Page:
On 27 May 2015, the Queen delivered her 62nd Queen’s Speech at the State Opening of Parliament. The event was arguably more notable for the absence of the traditional quip by Labour veteran MP Dennis Skinner (the result of fighting Scottish Nationalists for his traditional seat on the front bench, Skinner explained), than the fact that it was the first Queen’s Speech prepared by a majority Conservative Government since 1992.
As employment solicitors and HR practitioners anticipated, the Queen’s Speech contained many employment-related bills. As these bills are only in the initial stages of the parliamentary process the devil will be in the detail, but here is a brief summary of the main pieces of legislation that are forecast to have significant implications for employers and employees alike:
British Bill of Rights:
It was widely publicised in the run up to the General Election that the Conservatives plan to scrap the Human Rights Act 1998 and replace it with a British Bill of Rights. However, since gaining power the Conservatives have quickly realised this will not be immediately possible so are instead entering into a period of consultation. However, the Queen did announce that a draft bill would be produced within the next 12 months;
Finance Bill/National Insurance Contributions Bill:
These bills will introduce legislation to prevent the Government increasing income tax rates, VAT or National Insurance for five years – the term of this Parliament. The Government also wants to ensure that increases in the personal income tax allowance are linked to changes in the National Minimum Wage and that people working 30 hours per week on National Minimum Wage will be taken out of income tax entirely;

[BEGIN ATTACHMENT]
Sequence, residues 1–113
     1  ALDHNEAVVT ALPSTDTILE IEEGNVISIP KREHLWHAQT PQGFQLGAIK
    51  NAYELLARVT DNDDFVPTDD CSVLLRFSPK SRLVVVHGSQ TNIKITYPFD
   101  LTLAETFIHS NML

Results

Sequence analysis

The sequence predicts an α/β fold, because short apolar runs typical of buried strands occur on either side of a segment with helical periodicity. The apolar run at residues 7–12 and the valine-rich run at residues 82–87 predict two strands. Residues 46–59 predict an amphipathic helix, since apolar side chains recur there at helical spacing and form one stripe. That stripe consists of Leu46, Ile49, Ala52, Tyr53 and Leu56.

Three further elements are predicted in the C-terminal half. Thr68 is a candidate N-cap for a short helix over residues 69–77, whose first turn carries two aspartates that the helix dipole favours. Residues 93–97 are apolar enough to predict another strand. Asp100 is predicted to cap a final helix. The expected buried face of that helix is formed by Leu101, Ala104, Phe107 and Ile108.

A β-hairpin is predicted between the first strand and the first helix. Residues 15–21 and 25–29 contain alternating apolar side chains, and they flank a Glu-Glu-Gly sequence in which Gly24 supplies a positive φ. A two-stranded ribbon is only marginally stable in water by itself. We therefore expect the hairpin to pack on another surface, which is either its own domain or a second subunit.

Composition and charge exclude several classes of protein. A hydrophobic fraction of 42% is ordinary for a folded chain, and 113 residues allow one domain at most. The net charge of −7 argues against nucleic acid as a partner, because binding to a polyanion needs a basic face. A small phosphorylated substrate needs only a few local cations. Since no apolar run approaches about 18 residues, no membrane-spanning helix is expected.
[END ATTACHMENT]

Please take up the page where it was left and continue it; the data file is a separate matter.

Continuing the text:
Full Employment and Welfare Benefits Bill:
This bill will impose duties on Ministers to make annual reports on their efforts to achieve full employment and meet the Government’s target of 3 million new apprenticeships;
European Union Referendum Bill:
Another cornerstone of Conservative policy, this bill sets the wheels in motion for the long-promised in/out referendum on Britain’s EU membership, to be held before the end of 2107. Obviously, if Britain does decide to leave the EU it is going to have far‑reaching implications for employers as much current employment legislation derives from EU Directives;
Trade Union Bill:
This bill is designed to protect essential services from strike action by making it harder for public sector workers to take industrial action. Measures in the bill include increased minimum thresholds for voters in union ballots, prevention of intimidation of non‑striking workers, and imposing time limits on the validity of mandates following ballots for industrial action;
This bill will be monitored closely by working parents as the Government is promising to extend free childcare to 30 hours per week, subject to eligibility;
This bill is designed to stop extremist activity in the UK. The bill provides for the introduction of employment checks which will allow employers to find out whether an employee is an extremist and so bar them from working with children;
As well as helping small businesses to create more jobs by reducing red tape, this bill will cap redundancy payments to public sector workers with a view to ending the substantial pay-offs which sometimes follow termination of employment; and
It is proposed that as well as creating an offence of ‘illegal working’, anybody caught working illegally in the UK may have their wages seized as being the proceeds of crime. A new enforcement agency will be created to safeguard migrant workers. It will be illegal for employment agencies to recruit from abroad without also advertising jobs in the UK.
Whilst some regard the Government’s proposals are admirable, many observers are questioning where the money will come from to fund them. Given that the Conservatives enjoy only a slender majority in the Commons it remains to be seen whether much of the proposed legislation will ever make it as far as the statute book.
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